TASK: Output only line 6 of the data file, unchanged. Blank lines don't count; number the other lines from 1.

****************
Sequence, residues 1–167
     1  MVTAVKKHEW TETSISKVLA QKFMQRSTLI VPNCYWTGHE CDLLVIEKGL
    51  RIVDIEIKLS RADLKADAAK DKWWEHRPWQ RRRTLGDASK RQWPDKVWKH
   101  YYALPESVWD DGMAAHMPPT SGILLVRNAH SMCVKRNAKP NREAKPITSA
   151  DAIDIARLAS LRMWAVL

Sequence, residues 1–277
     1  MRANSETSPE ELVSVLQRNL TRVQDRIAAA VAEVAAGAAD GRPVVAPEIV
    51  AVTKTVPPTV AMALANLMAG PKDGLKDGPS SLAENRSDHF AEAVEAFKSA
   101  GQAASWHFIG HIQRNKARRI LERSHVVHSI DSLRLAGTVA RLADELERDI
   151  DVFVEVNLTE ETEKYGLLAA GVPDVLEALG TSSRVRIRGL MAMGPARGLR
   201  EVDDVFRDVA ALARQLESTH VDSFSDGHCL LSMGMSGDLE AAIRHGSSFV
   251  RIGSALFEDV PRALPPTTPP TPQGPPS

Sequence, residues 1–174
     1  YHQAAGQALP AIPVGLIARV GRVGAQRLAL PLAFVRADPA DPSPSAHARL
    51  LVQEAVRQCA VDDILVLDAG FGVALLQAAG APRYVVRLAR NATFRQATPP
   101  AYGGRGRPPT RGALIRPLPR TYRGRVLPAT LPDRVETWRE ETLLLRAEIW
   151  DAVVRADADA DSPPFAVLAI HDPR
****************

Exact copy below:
Sequence, residues 1–277